February 9, 2014
By James Jay Carafano, Ph.D.
On June 10, 1988, the fairgrounds of the Tallinn Song Festival erupted in a spontaneous mass sing-along. And what the crowd sang were patriotic hymns. It was the start of the "Singing Revolution."
For the next three years, large crowds of Estonians gathered regularly to belt out nationalist songs long forbidden by their Russian overlords. Eventually, they prevailed.
After years of peaceful public protest, the Baltic states of Estonia, Latvia and Lithuania all gained full independence from Moscow in 1991. That same year the Ukraine also declared itself an independent, democratic state.
Those bloodless revolutions produced the greatest advance of freedom in Europe since V-E Day. Now, that advance is in danger of being rolled back.
Moscow is making a concerted effort to reassert domination over its former satellites, and things have turned bloody. The people have no desire to go quietly.
The angry crowds filling the streets of the Ukrainian capital are not singing. They are shouting themselves hoarse in an attempt to keep the freedom won a decade ago.
Last year, the Ukraine and European Union were negotiating a trade and economic deal that would have tied the country's market more closely to the West. Russia responded with a massive campaign of intimidation, threatening the Ukraine with higher tariffs and non-tariff penalties if Kiev dared sign on with their western neighbors.
Moscow offered the Ukrainians a carrot as well: $15 billion in loans, credits, and natural gas discounts. Kiev’s leaders regarded it as “an offer they couldn’t refuse” — and turned down the EU deal.
The citizenry took to the streets in anger — and stayed there. Last month, the government passed legislation effectively banning public demonstrations. Leading dissidents were kidnapped, journalists beaten. But the streets remain packed with protestors.
Today, the government teeters on collapse. No one is sure what might follow.
Russia isn't about to let the Ukraine slip easily away. Once the Olympics at Sochi are over, you can expect Moscow to return to full-scale meddling in Kiev.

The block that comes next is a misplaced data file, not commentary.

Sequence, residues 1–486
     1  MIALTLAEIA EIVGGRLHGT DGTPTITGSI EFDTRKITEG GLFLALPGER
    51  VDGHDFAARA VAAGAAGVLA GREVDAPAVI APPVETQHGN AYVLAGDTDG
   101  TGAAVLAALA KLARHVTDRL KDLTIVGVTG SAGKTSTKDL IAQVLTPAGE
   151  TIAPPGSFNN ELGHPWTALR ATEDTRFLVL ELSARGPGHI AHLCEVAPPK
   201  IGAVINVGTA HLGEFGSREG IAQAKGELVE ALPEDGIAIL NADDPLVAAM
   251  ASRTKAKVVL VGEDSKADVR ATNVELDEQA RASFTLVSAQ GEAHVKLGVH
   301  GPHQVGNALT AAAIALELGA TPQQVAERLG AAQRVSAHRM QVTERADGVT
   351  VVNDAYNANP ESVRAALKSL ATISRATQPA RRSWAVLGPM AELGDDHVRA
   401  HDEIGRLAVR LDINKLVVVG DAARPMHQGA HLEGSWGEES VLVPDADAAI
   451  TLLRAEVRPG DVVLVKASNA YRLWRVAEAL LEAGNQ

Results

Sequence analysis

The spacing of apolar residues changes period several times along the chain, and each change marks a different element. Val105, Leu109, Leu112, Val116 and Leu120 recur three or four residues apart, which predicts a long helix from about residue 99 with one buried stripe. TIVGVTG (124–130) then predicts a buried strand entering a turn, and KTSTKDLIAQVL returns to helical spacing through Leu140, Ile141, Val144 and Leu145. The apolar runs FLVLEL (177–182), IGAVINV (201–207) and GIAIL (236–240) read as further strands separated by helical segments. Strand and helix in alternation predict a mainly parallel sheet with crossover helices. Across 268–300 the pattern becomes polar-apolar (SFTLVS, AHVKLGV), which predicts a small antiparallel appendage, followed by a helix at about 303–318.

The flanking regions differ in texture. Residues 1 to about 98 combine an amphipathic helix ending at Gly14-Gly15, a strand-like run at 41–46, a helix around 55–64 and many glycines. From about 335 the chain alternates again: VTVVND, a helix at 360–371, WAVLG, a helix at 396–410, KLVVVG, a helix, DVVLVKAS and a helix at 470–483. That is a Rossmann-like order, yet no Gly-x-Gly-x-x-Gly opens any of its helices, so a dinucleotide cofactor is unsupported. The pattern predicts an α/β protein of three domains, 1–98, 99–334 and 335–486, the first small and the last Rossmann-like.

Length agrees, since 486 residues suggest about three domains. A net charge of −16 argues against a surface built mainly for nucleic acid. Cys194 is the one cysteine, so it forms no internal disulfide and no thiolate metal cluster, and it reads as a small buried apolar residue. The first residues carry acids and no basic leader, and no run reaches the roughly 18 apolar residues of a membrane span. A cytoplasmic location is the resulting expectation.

It is tragic to see the light of liberty fade again on the frontiers of freedom. And there’s more than enough blame to go around.
Successive Ukrainian governments have squandered the nation's post-Soviet opportunity. Rather than march steadily toward free markets, smaller government and greater political freedom, Kiev’s backsliding in these areas has produced falling scores in both the Freedom House Index and the HeritageFoundation/Wall Street Journal Index of Economic Freedom.
The European Union, for its part, has made only indifferent efforts to integrate troubled nations like the Ukraine and Georgia, which are doubly cursed by living next door to Moscow. Instead, the EU is becoming acutely bipolar. All the South cares about is bailouts and getting out from under "austerity." Only the Northern EU nations worry about the growing influence of an illiberal, corrupt, and undemocratic Moscow.
President Obama has helped sow the seeds of despair as well. The Russian "reset" has not only failed to get cooperation on furthering U.S. interests, it has done nothing to curb Moscow's determination to be the bully of the neighborhood.
It was nice of the president to mention the Ukrainians' fight for freedom during his State of the Union address. It would have been even better if during his presidency had a track record of advancing freedom, free markets and mutual security in the Western world.
For now, the very least the U.S. can do is stand up for the Ukrainian people: Help document human rights violations committed by Ukrainian authorities and their henchmen; shine a light on Russian meddling, and denounce abuses through the Organization for Security and Cooperation in Europe.
- James Jay Carafano, a Washington Examiner columnist, is vice president for defense and foreign policy studies at the Heritage Foundation.
Originally appeared in the Washington Examiner
James Jay Carafano, Ph.D.
Vice President for the Kathryn and Shelby Cullom Davis Institute for National Security and Foreign Policy, and the E. W. Richardson Fellow
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